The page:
A roominess within the soul
Most of us wouldn’t survive 43 days in solitary confinement. Albert Woodfox endured 43 years of it. When he was released in 2016, Woodfox had to relearn the basics of everyday living. Getting more than a few hours of sleep each night posed a special challenge. “He sometimes jolted awake, overcome by the sensation that the atmosphere was pressing down on him,” wrote Rachel Aviv in a New Yorker article on Woodfox. “All four walls appeared to be inches from his face. He felt so constricted that he removed all his clothes. He calmed himself by pacing—four steps forward, four steps back—a technique he’d been using for decades. After four or five minutes, the walls of the room would snap back into place.”
To be released from prison is not the same thing as being free. To be free to swim requires more than permission to jump in the water. That view might confuse swimming with drowning, as Philip Gorski notes ("Becoming America"). To be able to walk out of one’s house in a crime-ridden neighborhood only to be shot while going to the grocery store constitutes an incomplete or partial freedom as well.
American journalist Terry Anderson’s journey to freedom began not on the day Shi’ite Hezbollah militants released him in 1991 but on the next day. That’s when he thanked God, declared his absence of hatred for his captors, and forgave them for his nearly seven years of mistreatment.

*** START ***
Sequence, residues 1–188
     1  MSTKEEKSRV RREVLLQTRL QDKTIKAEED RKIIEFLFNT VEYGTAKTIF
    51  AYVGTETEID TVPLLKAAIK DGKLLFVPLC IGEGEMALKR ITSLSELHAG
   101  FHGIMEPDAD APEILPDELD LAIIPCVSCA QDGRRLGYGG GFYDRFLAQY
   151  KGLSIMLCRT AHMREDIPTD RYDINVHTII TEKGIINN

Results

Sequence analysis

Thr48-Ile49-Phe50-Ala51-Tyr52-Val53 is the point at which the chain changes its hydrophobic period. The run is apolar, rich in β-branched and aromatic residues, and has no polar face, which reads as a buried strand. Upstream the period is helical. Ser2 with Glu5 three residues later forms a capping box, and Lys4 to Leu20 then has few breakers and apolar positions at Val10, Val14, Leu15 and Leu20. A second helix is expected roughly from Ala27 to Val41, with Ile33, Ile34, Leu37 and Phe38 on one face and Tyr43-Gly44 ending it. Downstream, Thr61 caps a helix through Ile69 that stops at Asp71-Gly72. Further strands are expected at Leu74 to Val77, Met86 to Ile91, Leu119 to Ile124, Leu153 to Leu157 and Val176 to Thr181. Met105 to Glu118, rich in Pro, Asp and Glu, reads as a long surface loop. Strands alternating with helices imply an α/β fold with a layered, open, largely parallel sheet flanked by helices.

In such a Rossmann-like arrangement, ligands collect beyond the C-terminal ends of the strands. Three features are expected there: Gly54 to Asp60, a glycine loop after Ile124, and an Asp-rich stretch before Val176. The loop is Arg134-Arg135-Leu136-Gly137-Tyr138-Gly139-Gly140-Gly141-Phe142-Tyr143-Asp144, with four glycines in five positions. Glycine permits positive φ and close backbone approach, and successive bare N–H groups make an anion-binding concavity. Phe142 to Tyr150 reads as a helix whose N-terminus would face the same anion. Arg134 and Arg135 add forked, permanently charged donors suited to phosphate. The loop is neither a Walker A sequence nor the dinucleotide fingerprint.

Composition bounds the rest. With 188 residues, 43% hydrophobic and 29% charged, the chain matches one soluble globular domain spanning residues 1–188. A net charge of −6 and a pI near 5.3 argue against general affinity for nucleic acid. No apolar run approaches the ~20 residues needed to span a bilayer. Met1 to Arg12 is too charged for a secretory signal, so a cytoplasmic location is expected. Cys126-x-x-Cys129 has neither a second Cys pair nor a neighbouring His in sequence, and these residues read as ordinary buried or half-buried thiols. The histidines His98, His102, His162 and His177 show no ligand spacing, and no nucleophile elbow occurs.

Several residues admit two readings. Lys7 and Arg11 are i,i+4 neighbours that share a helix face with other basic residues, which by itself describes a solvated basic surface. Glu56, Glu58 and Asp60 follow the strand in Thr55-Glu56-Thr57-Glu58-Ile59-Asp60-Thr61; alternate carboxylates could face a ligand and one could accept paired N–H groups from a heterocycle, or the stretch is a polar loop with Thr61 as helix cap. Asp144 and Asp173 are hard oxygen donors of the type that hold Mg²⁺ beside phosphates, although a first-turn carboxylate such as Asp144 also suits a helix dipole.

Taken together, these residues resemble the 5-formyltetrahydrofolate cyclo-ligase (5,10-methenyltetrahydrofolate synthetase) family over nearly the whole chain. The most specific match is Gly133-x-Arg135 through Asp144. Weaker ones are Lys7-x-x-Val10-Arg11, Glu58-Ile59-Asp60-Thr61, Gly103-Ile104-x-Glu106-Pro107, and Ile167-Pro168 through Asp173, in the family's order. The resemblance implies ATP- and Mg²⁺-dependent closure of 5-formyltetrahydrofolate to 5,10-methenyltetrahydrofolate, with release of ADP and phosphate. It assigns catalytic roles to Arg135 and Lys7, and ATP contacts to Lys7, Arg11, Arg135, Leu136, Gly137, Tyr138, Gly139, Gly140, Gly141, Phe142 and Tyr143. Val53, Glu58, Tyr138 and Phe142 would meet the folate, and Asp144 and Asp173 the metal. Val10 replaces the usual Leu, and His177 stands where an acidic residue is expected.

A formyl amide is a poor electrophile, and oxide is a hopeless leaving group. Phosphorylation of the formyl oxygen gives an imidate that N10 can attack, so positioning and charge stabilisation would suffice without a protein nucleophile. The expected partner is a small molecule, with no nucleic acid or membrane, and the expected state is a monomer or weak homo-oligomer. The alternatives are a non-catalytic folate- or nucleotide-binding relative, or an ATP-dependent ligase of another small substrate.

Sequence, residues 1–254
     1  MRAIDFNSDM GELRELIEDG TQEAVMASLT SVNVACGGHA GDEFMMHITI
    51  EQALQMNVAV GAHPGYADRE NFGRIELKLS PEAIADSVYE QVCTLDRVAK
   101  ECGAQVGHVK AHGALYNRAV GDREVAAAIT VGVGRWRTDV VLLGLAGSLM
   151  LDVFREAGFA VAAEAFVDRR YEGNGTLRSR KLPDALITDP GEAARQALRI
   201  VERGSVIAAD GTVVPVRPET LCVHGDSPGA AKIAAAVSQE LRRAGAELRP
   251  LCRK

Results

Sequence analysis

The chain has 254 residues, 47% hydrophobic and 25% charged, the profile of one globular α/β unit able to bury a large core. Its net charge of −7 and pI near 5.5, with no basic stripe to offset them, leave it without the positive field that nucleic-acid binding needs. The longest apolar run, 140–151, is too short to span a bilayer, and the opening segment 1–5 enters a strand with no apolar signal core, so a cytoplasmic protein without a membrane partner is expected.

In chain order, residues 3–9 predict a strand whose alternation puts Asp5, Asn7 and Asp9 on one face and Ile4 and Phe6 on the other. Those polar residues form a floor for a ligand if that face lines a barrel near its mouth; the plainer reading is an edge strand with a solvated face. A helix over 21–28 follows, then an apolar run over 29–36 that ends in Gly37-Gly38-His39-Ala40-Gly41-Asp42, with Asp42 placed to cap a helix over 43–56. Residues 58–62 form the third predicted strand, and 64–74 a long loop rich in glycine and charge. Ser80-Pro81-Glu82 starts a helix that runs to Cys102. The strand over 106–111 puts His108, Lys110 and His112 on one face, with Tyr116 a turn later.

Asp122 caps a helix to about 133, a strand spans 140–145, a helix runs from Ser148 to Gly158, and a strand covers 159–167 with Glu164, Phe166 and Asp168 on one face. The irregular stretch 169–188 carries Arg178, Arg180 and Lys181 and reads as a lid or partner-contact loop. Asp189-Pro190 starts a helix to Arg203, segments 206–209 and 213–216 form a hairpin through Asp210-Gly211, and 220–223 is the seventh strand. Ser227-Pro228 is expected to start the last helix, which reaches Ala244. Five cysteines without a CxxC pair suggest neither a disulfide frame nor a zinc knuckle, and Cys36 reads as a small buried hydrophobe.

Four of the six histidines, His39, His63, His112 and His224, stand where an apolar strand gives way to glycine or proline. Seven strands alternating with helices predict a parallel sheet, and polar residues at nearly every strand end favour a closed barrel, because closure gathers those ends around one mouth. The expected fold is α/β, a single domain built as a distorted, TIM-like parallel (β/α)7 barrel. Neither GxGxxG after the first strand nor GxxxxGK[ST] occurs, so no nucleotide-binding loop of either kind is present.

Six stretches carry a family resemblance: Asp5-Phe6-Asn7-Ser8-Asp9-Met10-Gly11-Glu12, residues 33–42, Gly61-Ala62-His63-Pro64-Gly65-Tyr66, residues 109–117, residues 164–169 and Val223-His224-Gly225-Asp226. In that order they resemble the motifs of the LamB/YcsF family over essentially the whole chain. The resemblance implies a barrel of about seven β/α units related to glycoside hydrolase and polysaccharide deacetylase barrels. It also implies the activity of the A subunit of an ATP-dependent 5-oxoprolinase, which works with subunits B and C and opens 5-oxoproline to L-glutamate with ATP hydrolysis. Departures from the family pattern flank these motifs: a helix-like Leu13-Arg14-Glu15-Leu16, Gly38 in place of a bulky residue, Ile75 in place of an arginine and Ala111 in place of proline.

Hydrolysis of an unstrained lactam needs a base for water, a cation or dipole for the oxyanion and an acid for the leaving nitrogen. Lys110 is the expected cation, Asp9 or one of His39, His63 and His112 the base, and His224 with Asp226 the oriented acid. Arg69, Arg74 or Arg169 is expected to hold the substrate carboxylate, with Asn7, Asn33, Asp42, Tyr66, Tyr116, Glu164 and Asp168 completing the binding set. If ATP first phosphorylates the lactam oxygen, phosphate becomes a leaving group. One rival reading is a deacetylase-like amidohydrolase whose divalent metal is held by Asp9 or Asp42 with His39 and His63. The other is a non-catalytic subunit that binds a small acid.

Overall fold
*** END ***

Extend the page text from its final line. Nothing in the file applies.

True freedom in the biblical sense always involves more than a lack of coercion or restraint, and much more than a simple exercise of choice. It’s about enjoying a roominess within one’s soul. Jesus wasn’t telling jailers to turn over their keys to prisoners when he proclaimed “liberty to the captives.” He was speaking down the four walls that can appear to be only inches from the face of anyone suffocating from bondage.
Psalm 4 is a beautiful prayer of someone in need of a good night’s sleep. “When I was in a tight spot, you gave me room,” the psalmist prays. Breathing space, roominess, and larger horizons are behind that verse. The same concept of capaciousness is sewn into the Hebrew word for salvation—yasha—just as it’s rooted in the very name and being of Jesus, Yeshua. His resurrection makes the world swell with room for hope. A good Christian funeral celebrates not just the breaking of the bonds of death but also the release from all that constricts, from clogged arteries to being tethered to an IV pole, from a troubled childhood to the four walls of a casket.
Gorski’s article highlights the impoverished view of freedom that has emerged in our nation—freedom has been narrowed, Gorski argues, to little more than an absence of restraint, and increasingly to an absence of governmental restraint. Only by retrieving a fresh sense of civic virtue, in which freedom serves the common good, will we undo our corrupted sense of freedom.
Like Albert Woodfox pacing four steps forward and four steps back to avoid being crushed, we have our work cut out for us as citizens of this republic. If we are to grow beyond the morally undemanding freedom that suffocates our national imagination, then people of faith are going to have to breathe deeply of the One who is eager to make all kinds of room in our soul.
A version of this article appears in the March 1 print edition under the title “The soul’s roominess.”